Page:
Allowing for Variations
Although David Byrne is not dead-set against backing tracks, he does note that the prerecorded nature of them means “that there is an inevitable excitement ceiling when it comes to these karaoke spectaculars (…) since there is never the possibility of the music rising beyond the preexisting programmed level.”
This means that if this is the path we choose in our performance, it would better if we planned for ways to change the nature of and even the order of those pre-recorded tracks, so we can alter the direction of a performance as it unfolds.
When I perform, the changes between sections in my music are not pre-programmed; I have control over when I start and stop loops, launch new sequencer “scenes”, and so forth. I can also create sequence variations on the fly and transpose the parts in real time, and often improvise how each section unfolds before moving onto the next one. Hand percussion introductions have also become a regular feature of my live performances. (All of this is in addition to live-editing of our synth patches, of course.)
I’m not saying I’m perfect at this; it’s something I feel I need to get better at, and I admit I’m still on my own personal learning curve about how to create longer and more varied live performances. But at least I have some ideas on how to go about it.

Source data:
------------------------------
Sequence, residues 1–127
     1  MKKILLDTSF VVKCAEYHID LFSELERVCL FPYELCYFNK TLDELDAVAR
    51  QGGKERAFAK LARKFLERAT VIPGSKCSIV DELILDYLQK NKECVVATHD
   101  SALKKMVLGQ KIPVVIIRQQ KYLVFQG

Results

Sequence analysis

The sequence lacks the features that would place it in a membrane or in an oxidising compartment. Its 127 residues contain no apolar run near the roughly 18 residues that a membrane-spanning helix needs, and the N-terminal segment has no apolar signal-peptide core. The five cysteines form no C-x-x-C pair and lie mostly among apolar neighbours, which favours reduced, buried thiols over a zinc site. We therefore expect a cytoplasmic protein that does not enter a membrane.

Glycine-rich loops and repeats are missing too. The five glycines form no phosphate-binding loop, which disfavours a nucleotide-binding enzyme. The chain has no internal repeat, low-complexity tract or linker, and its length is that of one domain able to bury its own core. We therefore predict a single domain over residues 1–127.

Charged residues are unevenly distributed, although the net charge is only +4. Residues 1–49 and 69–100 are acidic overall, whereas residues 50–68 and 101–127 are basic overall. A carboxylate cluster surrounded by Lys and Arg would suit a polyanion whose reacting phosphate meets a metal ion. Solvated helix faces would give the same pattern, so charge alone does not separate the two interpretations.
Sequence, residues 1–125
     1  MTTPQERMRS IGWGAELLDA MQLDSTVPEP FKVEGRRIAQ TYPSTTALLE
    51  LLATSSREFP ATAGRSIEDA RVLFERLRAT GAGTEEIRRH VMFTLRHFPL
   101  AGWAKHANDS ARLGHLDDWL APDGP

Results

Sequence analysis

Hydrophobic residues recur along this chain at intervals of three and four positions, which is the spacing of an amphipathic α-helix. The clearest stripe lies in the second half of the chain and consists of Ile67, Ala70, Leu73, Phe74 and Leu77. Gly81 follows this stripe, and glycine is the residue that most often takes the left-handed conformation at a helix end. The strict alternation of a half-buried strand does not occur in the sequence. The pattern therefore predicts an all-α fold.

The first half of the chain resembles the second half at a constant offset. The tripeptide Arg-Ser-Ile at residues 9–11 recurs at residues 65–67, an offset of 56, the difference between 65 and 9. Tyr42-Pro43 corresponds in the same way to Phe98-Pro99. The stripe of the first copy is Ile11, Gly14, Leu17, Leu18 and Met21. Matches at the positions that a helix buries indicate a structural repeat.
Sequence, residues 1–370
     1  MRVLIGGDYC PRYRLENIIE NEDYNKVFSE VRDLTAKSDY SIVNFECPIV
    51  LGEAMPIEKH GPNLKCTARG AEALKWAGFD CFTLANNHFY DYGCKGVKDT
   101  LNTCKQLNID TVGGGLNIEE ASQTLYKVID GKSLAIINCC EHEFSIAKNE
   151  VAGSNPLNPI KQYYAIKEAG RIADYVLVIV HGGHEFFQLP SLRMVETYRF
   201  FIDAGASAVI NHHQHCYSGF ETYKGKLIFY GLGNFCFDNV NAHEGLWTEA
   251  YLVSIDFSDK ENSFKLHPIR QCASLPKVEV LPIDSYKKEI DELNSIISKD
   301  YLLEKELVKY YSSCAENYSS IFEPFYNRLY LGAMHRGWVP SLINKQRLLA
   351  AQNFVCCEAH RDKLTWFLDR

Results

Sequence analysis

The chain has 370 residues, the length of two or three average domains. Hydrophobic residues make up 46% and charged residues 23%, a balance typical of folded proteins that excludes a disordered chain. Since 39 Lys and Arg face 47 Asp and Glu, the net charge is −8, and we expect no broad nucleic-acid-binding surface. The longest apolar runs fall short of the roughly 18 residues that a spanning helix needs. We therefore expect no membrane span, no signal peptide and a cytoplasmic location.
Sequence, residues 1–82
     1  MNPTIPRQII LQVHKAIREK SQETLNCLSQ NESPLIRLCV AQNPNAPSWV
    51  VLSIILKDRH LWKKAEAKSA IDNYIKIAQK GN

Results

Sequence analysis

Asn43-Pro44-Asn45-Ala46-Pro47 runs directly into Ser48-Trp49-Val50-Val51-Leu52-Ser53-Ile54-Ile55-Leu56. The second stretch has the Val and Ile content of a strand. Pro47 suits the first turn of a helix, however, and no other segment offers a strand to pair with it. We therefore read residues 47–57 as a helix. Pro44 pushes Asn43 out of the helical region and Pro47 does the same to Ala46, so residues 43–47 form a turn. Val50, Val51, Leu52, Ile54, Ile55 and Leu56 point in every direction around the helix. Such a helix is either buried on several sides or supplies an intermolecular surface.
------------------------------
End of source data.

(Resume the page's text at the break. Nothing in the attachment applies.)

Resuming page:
Alias Zone Updates
I had a “mini-tour” in April, ending with a showcase performance the evening before the NAMM show at 17th Street Recording Studio in Costa Mesa, California. What I didn’t expect was that local blogger Jose Corona of The Corona Chronicles was going to record my performances with his stabilized iPhone, including numerous close-ups of me playing (as well as a tour around the studio itself). Jose was kind enough to share the resulting videos with me, and studio owner Lewis Richards shared the audio he recorded. Above is the second half of my performance, including The Barefoot Trail: a piece about how the ancestors of the Zuni pueblo of Native Americans emerged from the underworld, and to this day make a pilgrimage to Zuni Heaven. (A studio version of that track is slated to be on the third of four new albums I am currently working on…maybe out this winter?)
I also helped arrange plus headlined an instrumental electronic music concert as part of the Currents New Media Festival in Santa Fe, New Mexico. Currents was held at the Santa Fe County Fairgrounds, and the afternoon concert venue was the “show arena” where livestock competitions are often held – complete with the sandy floor and metal bleachers (fortunately, we had a riser so we could set up our gear up out of the sand!). Combined with the open sides for the covered space and the ambient noise of the festival (outdoor vendors and food trucks), it was not a good venue for quiet, delicate music…fortunately, I was playing a couple of my more energetic pieces! There is video and audio of my performances; when I have some spare time I’ll edit and release them.